LOS ANGELES – The percentage of workers with virtually no savings is growing, and the outlook for a financially stable retirement is dismal, according to a report released Tuesday.

In 2010, about 27 percent of workers have less than $1,000 stashed away, compared with 20 percent in 2009, according to the annual Retirement Confidence Survey from the Employee Benefit Research Institute.

Of the workers with some form of savings, 54 percent said they have less than $25,000. The same percentage said they need at least $500,000 for retirement. But just 46 percent have actually calculated how much they need to be secure in retirement.

The private nonprofit institute, along with market research firm Mathew Greenwald and Associates Inc., surveyed 1,153 U.S. workers and retirees ages 25 and up in January.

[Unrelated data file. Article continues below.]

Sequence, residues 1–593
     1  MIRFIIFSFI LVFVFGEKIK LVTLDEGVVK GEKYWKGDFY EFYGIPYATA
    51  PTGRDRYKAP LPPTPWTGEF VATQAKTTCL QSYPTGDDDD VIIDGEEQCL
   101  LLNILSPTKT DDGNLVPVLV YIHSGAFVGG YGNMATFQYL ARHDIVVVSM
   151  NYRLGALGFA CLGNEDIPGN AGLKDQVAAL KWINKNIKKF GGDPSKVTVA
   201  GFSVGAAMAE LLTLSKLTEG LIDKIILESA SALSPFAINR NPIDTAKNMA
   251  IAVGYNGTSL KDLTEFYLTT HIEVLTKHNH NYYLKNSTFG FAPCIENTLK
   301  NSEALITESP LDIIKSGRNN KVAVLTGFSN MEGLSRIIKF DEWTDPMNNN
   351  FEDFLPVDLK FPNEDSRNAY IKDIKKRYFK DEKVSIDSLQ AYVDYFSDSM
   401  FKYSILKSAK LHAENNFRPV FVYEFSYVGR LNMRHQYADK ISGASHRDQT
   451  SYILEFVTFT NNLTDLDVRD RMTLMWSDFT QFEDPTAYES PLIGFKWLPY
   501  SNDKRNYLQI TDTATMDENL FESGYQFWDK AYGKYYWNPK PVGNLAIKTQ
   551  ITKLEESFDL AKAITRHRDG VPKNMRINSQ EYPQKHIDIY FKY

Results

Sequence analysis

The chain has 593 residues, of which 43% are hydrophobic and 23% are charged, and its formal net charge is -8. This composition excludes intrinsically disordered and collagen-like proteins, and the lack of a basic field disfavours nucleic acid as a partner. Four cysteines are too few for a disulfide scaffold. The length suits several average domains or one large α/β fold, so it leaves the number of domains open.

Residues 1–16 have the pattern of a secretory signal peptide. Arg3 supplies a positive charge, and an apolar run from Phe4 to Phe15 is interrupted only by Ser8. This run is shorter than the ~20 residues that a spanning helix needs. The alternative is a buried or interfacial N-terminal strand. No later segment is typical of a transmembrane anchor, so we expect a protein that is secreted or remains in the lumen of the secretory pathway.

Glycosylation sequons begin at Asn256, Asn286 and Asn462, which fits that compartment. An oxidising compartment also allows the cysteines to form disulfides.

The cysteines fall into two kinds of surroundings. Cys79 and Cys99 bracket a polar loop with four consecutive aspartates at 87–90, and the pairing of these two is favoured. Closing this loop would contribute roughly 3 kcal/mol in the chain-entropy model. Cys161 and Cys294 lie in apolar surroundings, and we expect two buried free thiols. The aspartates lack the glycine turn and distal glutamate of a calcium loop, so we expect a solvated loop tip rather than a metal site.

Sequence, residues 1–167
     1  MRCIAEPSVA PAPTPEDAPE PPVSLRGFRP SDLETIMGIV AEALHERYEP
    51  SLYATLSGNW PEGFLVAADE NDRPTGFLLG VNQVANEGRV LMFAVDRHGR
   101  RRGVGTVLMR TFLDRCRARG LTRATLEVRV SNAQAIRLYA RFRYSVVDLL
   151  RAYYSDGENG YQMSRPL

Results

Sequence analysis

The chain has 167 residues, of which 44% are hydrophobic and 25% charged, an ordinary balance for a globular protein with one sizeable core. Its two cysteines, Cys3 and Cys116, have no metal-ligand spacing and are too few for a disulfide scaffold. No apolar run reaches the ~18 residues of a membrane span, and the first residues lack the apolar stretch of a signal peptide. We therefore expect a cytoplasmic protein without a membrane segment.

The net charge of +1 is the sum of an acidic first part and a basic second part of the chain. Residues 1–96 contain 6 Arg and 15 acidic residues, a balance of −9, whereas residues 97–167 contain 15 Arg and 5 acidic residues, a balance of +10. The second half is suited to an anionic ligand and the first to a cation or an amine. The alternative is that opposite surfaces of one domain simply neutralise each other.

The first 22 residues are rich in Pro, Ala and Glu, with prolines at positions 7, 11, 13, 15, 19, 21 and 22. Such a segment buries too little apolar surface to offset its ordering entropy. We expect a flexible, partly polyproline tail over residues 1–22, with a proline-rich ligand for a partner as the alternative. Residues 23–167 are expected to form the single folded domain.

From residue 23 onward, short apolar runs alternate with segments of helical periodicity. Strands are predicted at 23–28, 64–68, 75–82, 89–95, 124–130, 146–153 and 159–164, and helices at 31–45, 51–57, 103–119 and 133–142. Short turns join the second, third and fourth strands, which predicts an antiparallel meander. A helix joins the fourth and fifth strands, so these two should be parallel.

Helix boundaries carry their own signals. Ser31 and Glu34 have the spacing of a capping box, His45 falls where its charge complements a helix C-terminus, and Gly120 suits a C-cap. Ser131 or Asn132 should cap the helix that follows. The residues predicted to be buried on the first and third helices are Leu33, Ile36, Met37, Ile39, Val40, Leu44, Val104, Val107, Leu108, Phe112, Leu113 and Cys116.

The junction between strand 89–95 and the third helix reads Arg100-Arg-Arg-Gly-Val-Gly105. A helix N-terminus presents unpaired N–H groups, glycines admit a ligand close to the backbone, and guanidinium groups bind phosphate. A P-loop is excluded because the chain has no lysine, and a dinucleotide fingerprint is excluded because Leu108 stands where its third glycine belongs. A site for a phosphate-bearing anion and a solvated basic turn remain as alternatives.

Fewer workers have saved at all for their golden years — 69 percent, compared with 75 percent in 2009 — and even fewer said they were currently doing so.

Just 16 percent of workers said they were very confident in their ability to save enough money for a comfortable retirement — the second-lowest level in the survey’s 20-year history. The percentage for retirees saying the same was 19 percent.

But 32 percent of workers said they were very confident in their ability to wisely invest their savings, up from 24 percent in 2009. More than half said they were somewhat confident.

As for expected sources of retirement income, fewer workers noted Social Security and defined benefit plans.

More pointed to employer-sponsored savings plans and payrolls. General confidence in the federal government, banks and insurance companies was low.

And with the struggling economy, unstable job market and roller-coaster stock market, 24 percent of workers said they have postponed their planned retirement age, up from the 14 percent who did the same in 2009. A third of workers now anticipate retiring after they turn 65.


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